What is Medicare?
Medicare basics, a federal health insurance program that gives you access to specific coverage and benefits. Medicare is different from health insurance you may have had before. It offers you a variety of coverage options — and it has key enrollment dates and guidelines you need to follow. We’re here to help you make sense of it all.
How is Medicare Different From Other Health Insurance?
You may be surprised at the differences between Medicare and other types of health insurance. If you’ve had health coverage through your employer, your plan likely included medical and prescription drug coverage, along with other benefits. It also may have covered both you and your spouse.
Medicare only covers one person at a time. This means you and your spouse must enroll separately. In addition, Medicare gives you options that can make it possible to receive your benefits in a variety of different ways.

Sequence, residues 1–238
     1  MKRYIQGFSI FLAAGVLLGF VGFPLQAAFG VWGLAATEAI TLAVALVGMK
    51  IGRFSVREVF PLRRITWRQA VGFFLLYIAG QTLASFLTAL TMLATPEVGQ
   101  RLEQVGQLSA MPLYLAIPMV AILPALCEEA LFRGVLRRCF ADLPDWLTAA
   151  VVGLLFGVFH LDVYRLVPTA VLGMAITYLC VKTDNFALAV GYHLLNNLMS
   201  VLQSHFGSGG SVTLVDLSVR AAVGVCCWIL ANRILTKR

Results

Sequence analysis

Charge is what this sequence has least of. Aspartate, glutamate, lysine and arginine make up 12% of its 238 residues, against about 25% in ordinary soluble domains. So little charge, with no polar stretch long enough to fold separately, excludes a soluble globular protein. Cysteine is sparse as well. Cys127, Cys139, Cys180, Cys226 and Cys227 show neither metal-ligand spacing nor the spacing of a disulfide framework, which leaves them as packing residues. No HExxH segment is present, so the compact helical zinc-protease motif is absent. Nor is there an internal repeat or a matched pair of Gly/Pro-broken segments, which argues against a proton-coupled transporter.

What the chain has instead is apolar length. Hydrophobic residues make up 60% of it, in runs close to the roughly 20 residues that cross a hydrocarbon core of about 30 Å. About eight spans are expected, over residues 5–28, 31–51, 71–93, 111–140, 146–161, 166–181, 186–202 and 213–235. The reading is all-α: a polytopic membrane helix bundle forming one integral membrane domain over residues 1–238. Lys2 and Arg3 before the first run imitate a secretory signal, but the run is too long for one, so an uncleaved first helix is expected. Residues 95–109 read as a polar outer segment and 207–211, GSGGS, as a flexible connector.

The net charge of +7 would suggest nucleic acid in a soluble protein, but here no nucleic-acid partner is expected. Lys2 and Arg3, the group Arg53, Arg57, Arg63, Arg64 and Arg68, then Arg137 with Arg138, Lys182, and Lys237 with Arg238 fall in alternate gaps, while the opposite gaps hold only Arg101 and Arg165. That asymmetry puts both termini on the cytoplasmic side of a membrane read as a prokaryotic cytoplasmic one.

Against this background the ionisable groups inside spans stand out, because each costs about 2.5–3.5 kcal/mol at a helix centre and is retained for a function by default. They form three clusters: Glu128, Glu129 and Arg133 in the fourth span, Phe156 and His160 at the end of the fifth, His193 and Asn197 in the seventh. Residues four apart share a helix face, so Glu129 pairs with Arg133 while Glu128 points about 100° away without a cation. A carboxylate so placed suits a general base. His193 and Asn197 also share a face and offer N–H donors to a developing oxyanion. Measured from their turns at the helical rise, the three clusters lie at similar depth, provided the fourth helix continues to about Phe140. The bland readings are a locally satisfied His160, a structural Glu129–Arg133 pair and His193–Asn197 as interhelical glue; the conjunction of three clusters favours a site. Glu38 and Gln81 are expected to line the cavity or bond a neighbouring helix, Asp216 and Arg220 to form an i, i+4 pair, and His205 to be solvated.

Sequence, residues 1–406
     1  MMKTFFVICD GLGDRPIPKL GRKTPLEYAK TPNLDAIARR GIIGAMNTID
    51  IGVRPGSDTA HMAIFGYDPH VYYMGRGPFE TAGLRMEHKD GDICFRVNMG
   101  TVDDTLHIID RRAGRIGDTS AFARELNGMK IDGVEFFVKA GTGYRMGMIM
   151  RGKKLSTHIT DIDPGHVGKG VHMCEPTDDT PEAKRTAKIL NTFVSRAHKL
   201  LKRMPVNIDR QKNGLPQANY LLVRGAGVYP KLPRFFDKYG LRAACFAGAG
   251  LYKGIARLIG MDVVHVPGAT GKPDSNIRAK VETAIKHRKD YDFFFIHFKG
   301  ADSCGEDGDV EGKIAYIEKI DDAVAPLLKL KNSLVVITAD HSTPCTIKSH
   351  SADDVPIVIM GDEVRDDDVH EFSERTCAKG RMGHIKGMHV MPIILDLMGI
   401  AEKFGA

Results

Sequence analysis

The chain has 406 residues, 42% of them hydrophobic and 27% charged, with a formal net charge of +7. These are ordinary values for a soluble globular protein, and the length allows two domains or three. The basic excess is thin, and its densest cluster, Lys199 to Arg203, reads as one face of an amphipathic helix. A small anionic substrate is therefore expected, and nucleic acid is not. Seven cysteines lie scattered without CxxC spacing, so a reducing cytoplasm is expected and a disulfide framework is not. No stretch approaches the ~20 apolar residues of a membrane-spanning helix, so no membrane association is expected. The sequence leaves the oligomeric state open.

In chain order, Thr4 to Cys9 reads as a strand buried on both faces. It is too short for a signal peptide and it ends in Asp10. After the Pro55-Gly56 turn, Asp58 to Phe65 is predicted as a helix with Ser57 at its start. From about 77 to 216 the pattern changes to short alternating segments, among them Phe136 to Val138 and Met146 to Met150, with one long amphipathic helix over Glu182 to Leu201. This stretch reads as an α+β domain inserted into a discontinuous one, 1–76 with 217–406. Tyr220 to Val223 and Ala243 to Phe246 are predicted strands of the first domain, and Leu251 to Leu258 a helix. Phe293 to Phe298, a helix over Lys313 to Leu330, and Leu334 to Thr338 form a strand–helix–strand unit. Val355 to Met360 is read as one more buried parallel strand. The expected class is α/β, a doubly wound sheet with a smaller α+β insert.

- Choose hospital and medical coverage delivered through the federal government.
- Add prescription drug coverageMedicare Part D delivered through a private company.
- Purchase a supplemental insurance policy from a private insurer that can help cover some of the costs.
- Choose coverage from a private insurer that combines hospital, medical and often prescription drug coverage into one plan.
In short, with Medicare you can choose coverage that fits your needs, budget and lifestyle. We can help you take full advantage of that freedom.
When and How Do I Enroll?
If you’re like most people, you’ll enroll in Medicare around the time you turn 65. Your Initial Enrollment Period begins three months before your 65th birthday, includes the month you turn 65 and ends three months after that birthday.
Keep in mind that if you don’t get Medicare during this Initial Enrollment Period, you may have to pay Medicare Part B or Part D late enrollment penalties. Plus, you could be missing out on coverage and benefits that can help protect your health and finances. That’s why it’s generally a good idea to enroll as soon you can. How you enroll generally depends on if you’re getting benefits from Social Security, the Railroad Retirement Board or the Office of Personnel Management.